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Jul. 15th, 2009

Book list time! :) Since the last post on the topic,

Positive:
    J. K. Rowling - Harry Potter Series (audio)

J. K. Rowling - Harry Potter Series

In general, I liked Harry Potter. I'd probably have liked the series less were I to read the books instead of listening to them in audio format while doing useful things like cleaning, cooking, and practicing contact juggling, but who knows :).

First, the downs. Many characters are one-to-two-dimensional, and a surprising number of them appear to be mentally disturbed: Harry's muggle family, ministers for magic, Rita Skeeter, Snape, Filch, Malfoy and his parents, obviously and purposefully Riddle himself, Bellatrix, Umbridge... I am sure I can continue the list if I think about it. Such an abundance of deranged characters is somewhat annoying. There is also irritating repetition, both in the plot, the details of which are constantly being re-iterated and overexplained, and in the language ("more than ever" is a particularly memorable phrase). I don't really buy "repetition is good for kids" in this context, though apparently it IS true that kids like it :) (see Blue's Clues for reference).

Now, the ups, which are significant. One: the plot is *certainly* gripping. Two: there's probably something for everybody in the world Rowling creates. For me, there were
1) a convincing learning setting - I've always liked stories of study and progress.
2) exploration! Secret passages, the Marauder's Map, Room of Requirement... Hogwarts is fascinating this way, and I am obviously sympathetic :)

All in all, I was willing to suspend disbelief and enjoy the story, though my favorite book remains number two, for the rather light-hearted mood I'd have preferred in the other books as well. (I wasn't very moved by the whole dramatic story line).

An obligatory note about favorite characters: Fred, George, and Alastor Moody*. Constant vigilance!

* Even though the story with the impostor was totally unconvincing :).





Neutral-positive:
    Ф.М. Достоевский, "Неточка Незванова"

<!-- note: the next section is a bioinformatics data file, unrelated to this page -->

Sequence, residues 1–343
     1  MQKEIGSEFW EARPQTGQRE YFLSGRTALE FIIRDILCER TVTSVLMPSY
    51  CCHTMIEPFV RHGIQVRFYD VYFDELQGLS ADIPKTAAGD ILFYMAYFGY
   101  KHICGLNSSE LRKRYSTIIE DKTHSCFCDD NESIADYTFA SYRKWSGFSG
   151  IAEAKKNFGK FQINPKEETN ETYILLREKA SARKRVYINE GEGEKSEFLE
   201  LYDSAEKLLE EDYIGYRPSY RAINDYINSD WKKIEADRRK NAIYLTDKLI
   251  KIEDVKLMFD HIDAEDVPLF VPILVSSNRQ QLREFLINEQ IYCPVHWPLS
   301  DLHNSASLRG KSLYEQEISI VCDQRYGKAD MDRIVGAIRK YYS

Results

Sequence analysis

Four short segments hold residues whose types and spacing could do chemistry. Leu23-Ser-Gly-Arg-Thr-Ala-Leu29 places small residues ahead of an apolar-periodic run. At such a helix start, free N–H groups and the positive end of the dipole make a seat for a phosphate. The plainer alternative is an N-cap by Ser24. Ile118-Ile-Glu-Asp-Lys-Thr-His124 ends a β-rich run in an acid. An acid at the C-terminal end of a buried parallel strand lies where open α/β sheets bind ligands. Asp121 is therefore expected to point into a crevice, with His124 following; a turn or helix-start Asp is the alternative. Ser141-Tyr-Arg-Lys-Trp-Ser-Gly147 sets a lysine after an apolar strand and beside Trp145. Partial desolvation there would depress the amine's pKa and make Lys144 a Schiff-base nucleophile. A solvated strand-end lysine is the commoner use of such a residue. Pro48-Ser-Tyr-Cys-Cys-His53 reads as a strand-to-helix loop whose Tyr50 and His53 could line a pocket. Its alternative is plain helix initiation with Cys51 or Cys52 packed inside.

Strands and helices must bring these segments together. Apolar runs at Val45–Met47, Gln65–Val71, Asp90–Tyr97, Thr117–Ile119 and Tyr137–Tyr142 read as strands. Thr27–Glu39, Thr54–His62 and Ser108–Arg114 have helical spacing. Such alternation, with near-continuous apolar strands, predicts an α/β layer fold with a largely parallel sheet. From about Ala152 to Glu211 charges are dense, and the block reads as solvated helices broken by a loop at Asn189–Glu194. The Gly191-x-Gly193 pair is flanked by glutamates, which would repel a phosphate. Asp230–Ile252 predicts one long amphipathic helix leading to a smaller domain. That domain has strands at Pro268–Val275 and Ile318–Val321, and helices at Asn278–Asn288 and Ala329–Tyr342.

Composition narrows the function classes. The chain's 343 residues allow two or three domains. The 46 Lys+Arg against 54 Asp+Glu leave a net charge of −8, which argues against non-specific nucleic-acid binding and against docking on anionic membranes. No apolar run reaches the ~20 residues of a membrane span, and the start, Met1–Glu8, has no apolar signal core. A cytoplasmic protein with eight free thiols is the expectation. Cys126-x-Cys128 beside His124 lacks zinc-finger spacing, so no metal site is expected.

Daniel Keyes, Flowers for Algernon

Daniel Keyes, Flowers for Algernon

I rather know this to be a good book than feel it. Being human involves lots of fear and pain, but that's not what I was thinking about as I read Flowers for Algernon. I was, instead, dispassionately musing upon the idea of intelligence. This may, or may not, have something to do with me reading this book less than a year after Awakenings by Oliver Sacks. Awakenings is... intense.




    William Shakespeare, A Midsummer Night's Dream

William Shakespeare, A Midsummer Night's Dream

Shakespeare is Shakespeare, but I think it may turn out that I prefer his tragedies.




    Arthur C. Clarke, Childhood's End
    Jane Austen, Sense and Sensibility

Jane Austen, Sense and Sensibility

Romance overkill is apparently not for me =).





Neutral-negative:
    Orson Scott Card, Ender's Game

Orson Scott Card, Ender's Game

- Read on a flight to Las Vegas; pilot approved.
- It's a book for children - 12-year-old boys, I'm guessing. When I choose to read such books, I am aware that I am not the target audience and judge the book on whether I'd advise it to whoever it was geared to. This one I wouldn't - there is nothing in it that I could see that would make it particularly worthy (yet lots of people like the book; it is a mystery).
- I won't be analyzing the story in detail since I'm not up for re-reading it; my impression is, however, that none of the characters are believable and neither is the 'psychology' of what goes on. Emotions are named, not... exposed, organically lead to, and so I don't have any emphatic response to the suffering, or non-suffering, of the characters. I am just not at all convinced that they, or anything they do, would work as it does given the conditions.
- The first two thirds of the book are plain dull; plot-wise, it picks up towards the end when more is explained. The plot is childish, of course (except for the violence), but that's all right. It's a children's book, though naturally I consider the plot of The Hobbit, which is also a children's book, infinitely more superior and finer-grained :).
- Beyond the plot, there doesn't seem to be much except cursory glances at things like overpopulation, religion, and the nature of evil - and that only to say 'bad', 'good', or 'oh, it's not Ender's fault'. For a kid new to all these ideas, however, them being on the fringes of the story is at least some food for thought. There's also the idea of the development of leadership.
- The three Wiggins are supposed to be little geniuses, but, again, they aren't believable in this role. Seems more like wishful thinking and saying 'I have no examples of their brilliance, but trust me, they ARE!"
- The inanity of occasional conversations between adults is troubling. Come on, these are ADULTS, give them at least some credit for the years of life experience they supposedly have!
- Though I've been a child, I've never been a boy, and I've been interested in very few strategy and computer games over the course of my childhood. My lack of interest in the plot probably has a lot to do with this.




    Sinclair Lewis, Babbitt

Sinclair Lewis, Babbitt